• Microwaves interact most efficiently (that is, more energy is transferred) with water molecules rather than the "solid" molecules. When you cook food in a microwave, you are actually cooking it by heating or boiling the water molecules inside it. The solid particles at the surface of food are usually dry compared to the interior, as they lose water to the atmosphere -- so microwaves start having an effect a few micrometers below the surface (this is probably what gives rise to the urban legend that microwaves cook "from the inside out"). However, this does not lend itself well to heating the particles at the very surface enough to brown them. In conventional ovens, heat is transferred first to the particles at the surface, which heat more compared to the particles in the interior -- lending itself to "browning" the surface before the inside burns.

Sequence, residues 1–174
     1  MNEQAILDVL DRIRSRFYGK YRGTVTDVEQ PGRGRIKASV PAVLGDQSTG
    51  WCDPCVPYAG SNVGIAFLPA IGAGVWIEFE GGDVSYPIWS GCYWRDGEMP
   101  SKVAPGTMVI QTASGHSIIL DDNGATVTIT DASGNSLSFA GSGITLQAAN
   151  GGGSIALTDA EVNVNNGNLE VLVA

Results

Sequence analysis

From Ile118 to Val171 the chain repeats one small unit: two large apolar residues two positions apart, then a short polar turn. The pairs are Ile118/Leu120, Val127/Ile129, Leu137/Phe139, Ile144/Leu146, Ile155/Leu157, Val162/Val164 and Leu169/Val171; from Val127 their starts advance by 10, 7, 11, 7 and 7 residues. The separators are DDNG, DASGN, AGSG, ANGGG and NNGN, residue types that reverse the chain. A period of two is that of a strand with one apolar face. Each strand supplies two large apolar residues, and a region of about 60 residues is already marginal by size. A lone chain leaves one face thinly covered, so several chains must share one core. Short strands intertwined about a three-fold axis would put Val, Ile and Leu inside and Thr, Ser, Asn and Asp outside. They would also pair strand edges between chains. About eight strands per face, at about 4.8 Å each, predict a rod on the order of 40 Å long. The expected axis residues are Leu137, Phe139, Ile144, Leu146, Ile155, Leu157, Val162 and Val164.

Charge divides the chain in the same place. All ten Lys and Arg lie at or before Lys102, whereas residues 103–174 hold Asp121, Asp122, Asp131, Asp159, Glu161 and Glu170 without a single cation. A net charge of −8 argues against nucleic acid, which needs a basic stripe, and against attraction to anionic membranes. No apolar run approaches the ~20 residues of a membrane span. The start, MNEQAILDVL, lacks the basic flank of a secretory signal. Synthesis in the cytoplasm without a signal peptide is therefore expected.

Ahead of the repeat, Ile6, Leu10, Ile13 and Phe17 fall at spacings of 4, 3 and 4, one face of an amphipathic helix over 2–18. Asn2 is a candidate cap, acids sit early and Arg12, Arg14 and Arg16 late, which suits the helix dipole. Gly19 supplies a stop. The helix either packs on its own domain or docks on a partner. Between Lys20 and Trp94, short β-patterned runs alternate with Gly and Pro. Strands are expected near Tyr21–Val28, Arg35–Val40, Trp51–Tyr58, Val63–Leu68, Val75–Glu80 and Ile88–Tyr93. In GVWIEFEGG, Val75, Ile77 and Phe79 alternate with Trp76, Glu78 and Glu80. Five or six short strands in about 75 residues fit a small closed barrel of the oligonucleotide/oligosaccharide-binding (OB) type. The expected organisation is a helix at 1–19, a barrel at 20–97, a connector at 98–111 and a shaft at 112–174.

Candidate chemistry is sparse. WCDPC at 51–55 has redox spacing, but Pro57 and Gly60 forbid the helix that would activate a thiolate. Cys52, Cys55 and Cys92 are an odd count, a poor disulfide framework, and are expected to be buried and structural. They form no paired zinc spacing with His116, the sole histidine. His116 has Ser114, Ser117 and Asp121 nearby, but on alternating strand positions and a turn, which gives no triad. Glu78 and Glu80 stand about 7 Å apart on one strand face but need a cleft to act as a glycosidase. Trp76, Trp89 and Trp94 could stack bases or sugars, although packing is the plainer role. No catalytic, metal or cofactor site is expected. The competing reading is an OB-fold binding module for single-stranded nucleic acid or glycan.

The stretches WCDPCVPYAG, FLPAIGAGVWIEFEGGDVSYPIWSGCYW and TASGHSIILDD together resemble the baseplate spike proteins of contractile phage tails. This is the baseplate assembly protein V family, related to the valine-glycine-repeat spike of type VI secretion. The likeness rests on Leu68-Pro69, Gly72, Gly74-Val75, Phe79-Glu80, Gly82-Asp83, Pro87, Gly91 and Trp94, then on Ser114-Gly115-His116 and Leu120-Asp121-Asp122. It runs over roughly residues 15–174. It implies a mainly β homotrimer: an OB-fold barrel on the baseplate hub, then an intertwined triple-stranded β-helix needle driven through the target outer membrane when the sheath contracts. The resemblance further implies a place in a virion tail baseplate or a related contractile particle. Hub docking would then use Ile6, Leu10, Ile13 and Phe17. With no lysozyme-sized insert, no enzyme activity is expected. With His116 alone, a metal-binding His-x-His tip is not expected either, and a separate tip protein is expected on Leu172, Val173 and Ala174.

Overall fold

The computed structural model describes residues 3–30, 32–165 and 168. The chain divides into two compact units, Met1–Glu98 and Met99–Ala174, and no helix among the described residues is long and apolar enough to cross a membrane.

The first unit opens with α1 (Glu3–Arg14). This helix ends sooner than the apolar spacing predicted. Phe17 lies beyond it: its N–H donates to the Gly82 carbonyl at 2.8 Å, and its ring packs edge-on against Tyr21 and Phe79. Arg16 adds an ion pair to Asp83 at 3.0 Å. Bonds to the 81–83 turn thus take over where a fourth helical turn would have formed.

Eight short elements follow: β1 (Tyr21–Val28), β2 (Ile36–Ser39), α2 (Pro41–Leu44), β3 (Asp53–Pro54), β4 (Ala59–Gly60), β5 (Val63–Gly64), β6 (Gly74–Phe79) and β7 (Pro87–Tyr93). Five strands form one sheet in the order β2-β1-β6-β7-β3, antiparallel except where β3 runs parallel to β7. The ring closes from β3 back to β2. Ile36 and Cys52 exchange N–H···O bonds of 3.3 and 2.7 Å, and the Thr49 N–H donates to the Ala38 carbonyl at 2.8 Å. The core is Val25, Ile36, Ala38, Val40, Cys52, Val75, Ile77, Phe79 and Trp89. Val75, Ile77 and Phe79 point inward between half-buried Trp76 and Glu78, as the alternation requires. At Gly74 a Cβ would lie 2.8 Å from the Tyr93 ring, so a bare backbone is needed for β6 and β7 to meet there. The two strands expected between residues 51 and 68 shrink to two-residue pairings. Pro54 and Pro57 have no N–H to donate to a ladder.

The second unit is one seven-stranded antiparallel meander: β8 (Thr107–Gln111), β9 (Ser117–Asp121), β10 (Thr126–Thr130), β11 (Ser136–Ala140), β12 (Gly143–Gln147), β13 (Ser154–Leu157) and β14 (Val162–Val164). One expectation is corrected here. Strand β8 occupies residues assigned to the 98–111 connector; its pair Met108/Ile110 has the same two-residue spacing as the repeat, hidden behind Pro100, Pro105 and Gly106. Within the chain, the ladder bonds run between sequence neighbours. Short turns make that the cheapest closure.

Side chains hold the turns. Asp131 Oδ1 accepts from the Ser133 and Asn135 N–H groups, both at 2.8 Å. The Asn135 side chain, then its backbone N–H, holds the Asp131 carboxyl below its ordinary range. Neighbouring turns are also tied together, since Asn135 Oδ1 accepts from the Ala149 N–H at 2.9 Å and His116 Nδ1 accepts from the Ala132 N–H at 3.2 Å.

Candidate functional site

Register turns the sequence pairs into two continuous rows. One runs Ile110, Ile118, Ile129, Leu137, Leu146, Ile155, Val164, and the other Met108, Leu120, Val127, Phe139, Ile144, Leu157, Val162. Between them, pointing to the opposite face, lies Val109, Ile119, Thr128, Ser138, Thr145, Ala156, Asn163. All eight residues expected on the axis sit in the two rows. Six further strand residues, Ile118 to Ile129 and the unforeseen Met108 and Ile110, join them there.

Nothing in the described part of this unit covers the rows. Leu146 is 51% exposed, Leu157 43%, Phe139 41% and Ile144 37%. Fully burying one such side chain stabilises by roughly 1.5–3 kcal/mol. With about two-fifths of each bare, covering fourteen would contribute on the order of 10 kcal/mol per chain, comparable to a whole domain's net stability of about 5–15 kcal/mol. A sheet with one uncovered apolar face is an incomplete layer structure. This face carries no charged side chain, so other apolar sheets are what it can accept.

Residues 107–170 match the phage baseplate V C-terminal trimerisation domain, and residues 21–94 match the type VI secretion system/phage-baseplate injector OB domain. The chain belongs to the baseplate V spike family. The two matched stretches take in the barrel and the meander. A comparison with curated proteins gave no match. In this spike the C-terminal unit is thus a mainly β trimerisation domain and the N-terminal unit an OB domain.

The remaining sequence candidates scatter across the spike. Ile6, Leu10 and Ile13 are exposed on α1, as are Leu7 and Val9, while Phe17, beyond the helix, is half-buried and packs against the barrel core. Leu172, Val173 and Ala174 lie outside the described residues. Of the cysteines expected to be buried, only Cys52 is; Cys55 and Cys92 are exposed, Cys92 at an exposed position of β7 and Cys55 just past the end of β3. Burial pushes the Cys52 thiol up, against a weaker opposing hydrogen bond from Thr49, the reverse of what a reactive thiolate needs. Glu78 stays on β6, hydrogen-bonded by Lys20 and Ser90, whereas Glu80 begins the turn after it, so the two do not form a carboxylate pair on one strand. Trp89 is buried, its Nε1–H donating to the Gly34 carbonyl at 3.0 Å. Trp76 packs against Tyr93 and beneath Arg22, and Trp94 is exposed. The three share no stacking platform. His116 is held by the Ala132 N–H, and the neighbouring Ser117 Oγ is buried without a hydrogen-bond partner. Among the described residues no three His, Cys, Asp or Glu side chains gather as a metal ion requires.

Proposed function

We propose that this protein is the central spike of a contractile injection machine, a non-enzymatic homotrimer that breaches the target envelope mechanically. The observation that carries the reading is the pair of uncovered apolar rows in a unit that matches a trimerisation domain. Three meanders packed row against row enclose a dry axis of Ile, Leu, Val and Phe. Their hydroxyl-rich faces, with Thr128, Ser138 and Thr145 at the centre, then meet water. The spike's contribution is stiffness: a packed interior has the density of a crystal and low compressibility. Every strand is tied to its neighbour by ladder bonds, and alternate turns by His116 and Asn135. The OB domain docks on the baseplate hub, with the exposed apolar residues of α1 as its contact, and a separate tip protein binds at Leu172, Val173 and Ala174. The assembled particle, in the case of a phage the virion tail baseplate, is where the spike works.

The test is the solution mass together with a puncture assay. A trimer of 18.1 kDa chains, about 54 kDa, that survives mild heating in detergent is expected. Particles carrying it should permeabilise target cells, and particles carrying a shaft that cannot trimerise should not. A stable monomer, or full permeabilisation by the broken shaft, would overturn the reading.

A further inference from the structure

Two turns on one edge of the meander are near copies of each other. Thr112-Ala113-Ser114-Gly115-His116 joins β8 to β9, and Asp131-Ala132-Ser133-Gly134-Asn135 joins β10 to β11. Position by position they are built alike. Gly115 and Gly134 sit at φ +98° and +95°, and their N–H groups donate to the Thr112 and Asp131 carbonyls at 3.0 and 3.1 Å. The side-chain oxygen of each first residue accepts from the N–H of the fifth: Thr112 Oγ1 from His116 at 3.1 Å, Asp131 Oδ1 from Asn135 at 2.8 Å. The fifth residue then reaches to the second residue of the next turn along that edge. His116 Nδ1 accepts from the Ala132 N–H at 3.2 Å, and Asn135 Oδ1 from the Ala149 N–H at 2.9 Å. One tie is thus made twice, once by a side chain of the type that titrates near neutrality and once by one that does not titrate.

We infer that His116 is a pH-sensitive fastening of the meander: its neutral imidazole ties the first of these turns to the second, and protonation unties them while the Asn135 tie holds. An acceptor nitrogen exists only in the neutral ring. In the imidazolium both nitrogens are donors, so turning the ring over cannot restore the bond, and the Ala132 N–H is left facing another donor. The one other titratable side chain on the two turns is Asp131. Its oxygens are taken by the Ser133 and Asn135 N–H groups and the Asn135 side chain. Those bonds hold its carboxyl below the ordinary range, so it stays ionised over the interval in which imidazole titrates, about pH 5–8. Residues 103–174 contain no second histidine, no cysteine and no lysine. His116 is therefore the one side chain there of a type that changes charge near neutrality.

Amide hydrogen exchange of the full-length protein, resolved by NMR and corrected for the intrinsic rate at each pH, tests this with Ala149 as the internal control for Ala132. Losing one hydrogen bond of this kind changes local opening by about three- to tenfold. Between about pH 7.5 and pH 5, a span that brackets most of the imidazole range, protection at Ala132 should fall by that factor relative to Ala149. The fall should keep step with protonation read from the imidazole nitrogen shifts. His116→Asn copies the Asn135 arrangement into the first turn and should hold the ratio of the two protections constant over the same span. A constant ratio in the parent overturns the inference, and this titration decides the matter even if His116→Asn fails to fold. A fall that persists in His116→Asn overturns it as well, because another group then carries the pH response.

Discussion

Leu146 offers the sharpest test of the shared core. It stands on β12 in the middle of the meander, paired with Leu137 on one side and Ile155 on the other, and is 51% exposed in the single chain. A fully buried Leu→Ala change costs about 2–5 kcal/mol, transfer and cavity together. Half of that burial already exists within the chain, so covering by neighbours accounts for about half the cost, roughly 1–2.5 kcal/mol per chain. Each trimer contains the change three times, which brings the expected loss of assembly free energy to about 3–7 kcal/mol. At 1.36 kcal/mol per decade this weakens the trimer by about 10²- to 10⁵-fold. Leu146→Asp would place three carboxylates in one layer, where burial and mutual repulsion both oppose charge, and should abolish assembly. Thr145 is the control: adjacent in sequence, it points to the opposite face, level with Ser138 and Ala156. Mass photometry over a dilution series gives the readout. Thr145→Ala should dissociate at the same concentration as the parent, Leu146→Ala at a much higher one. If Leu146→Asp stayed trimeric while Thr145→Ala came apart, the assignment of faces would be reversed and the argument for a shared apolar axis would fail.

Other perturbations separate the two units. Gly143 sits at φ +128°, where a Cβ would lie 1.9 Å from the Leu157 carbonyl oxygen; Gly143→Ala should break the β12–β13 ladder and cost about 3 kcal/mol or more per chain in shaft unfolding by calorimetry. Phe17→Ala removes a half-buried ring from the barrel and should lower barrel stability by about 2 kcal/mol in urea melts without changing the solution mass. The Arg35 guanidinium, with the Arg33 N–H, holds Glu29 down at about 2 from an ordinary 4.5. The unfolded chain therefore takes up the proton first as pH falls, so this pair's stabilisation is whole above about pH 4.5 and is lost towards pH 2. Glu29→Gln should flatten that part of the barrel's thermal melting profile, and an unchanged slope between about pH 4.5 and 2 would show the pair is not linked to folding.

• Because of microwave excites the molecules in food causing them to vibrate which is what produces the heat that Cooks the food and it is not heated externally which causes food to brown however if you use a browning tray then the microwave can brown food.

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